David P. Steensma, MD, of Dana-Farber Cancer Institute and Harvard Medical School in Boston, discussed how to use results from molecular genetic tests in the diagnosis and evaluation of patients with myelodysplastic syndromes. Below, we summarize his approach.
This material was repurposed from “How I use molecular genetic tests to evaluate patients who have or may have myelodysplastic syndromes,” published in the October 18, 2018, issue of Blood.
- Next-generation sequencing (NGS) assays that test for subsets of MDS-associated gene mutations at the DNA level are widely available in clinical practice, but we are still learning how best to use these assays.
- NGS results may aid in selecting treatment or transplant decision making for MDS patients in selected circumstances.
- Caution should be used in interpreting NGS results, given the high degree of allelic heterogeneity in MDS-associated genes.
- As NGS panels become less expensive, it seems likely that they will move earlier in the diagnostic testing algorithm for patients with cytopenias.
Myelodysplastic syndromes (MDS) are defined by the presence of persistent blood cytopenias associated with certain characteristic morphologic changes in blood and marrow cells. However, none of these morphologic findings is specific for MDS and the assessment of dysplasia is to some extent subjective. Therefore, to diagnose MDS, the 2016 World Health Organization (WHO) classification continues to require finding >10 percent dysplastic cells in more than one hematopoietic lineage, an abnormal karyotype, or an increase in myeloblasts (TABLE).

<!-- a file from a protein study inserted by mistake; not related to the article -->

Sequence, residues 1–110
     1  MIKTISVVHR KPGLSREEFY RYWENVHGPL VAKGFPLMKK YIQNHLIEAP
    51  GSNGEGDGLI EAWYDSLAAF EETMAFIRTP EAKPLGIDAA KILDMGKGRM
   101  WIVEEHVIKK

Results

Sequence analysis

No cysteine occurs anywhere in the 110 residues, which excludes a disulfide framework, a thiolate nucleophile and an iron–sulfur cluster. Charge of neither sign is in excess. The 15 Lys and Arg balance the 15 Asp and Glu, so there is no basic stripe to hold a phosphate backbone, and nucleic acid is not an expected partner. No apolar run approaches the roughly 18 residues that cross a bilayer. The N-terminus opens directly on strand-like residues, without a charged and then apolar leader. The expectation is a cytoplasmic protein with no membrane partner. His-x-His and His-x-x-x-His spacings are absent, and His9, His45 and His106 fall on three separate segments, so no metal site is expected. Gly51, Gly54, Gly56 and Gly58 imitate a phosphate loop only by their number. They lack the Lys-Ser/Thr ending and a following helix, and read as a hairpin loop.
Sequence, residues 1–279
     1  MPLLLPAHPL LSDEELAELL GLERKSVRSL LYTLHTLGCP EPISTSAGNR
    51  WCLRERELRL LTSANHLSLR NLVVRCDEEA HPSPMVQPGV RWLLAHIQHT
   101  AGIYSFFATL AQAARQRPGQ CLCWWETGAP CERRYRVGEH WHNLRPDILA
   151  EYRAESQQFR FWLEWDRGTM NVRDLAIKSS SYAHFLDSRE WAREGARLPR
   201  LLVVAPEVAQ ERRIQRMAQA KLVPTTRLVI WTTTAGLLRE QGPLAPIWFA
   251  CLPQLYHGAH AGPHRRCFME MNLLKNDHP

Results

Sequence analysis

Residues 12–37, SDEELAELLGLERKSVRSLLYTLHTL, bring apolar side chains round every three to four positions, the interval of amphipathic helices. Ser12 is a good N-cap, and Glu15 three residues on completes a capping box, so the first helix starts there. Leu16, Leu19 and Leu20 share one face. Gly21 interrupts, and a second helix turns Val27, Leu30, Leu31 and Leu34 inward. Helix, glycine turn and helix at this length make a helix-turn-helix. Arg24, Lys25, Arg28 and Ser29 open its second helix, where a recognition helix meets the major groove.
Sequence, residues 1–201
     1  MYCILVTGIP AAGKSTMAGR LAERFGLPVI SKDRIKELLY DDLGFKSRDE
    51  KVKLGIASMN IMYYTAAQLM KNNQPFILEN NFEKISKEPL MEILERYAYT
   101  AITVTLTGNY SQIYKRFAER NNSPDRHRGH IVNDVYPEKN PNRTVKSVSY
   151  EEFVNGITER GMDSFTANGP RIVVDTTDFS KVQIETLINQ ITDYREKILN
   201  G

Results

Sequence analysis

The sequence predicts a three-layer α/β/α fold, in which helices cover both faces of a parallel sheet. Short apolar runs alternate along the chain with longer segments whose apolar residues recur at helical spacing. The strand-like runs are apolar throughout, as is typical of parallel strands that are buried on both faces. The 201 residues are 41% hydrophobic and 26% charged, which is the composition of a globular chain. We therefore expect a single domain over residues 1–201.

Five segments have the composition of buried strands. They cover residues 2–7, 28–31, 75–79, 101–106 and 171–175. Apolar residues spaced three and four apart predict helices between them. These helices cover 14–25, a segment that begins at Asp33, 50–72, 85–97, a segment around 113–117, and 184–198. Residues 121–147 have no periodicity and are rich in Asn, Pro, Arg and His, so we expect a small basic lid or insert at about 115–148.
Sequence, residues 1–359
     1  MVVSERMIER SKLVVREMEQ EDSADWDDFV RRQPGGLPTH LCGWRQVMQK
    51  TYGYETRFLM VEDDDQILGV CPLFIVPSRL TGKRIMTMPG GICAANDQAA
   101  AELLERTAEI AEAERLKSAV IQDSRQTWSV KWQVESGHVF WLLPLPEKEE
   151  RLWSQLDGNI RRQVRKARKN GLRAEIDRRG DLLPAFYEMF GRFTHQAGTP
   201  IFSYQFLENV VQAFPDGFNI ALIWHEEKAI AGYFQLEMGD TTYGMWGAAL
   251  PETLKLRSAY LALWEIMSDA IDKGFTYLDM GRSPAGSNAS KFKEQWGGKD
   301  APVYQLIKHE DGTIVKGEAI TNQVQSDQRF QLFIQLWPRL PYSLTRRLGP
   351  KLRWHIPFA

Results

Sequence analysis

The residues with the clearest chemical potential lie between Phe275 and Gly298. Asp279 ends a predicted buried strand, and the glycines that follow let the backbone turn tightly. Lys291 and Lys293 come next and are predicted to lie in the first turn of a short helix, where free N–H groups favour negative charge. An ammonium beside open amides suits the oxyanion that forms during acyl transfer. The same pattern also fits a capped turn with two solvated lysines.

In the past 10 years, though, researchers have discovered more than 40 recurrent, MDS-associated gene mutations. This has raised hope that molecular genetic testing for these mutations might help clarify the diagnosis in ambiguous cases where patients present with cytopenias and nondiagnostic marrow morphologic findings.
Next-generation sequencing (NGS) assays that test for subsets of these MDS-associated gene mutations at the DNA level are now widely available in clinical practice and are frequently employed in diagnostic evaluation. As a hematology community, however, we are still learning how best to use these assays, both for the evaluation of patients with cytopenias who might have MDS and in patients with established MDS.
The following four cases illustrate some of the potential benefits and challenges related to the use of molecular genetic testing in clinical practice.
Case 1: Ruling out a Clonal Disorder
A 72-year-old woman was found to have macrocytic anemia after she saw a new primary-care physician and mentioned increased fatigue. Her white blood cell (WBC) count and absolute neutrophil count were within normal limits, and the blood smear showed no abnormal leukocytes. There was no obvious explanation for her cytopenias based on her medications or basic laboratory studies, including serum chemistries, vitamin B12 and red cell folate levels, and a serum protein electrophoresis.
Her primary-care physician requested that a marrow aspiration and biopsy be performed. Marrow morphology was nondiagnostic: 30 percent cellular (normocellular for age), with only rare dysplastic megakaryocytes representing <10 percent of cells in that lineage. Flow cytometry was reported as unremarkable, and the karyotype was normal female metaphase in 20 metaphases.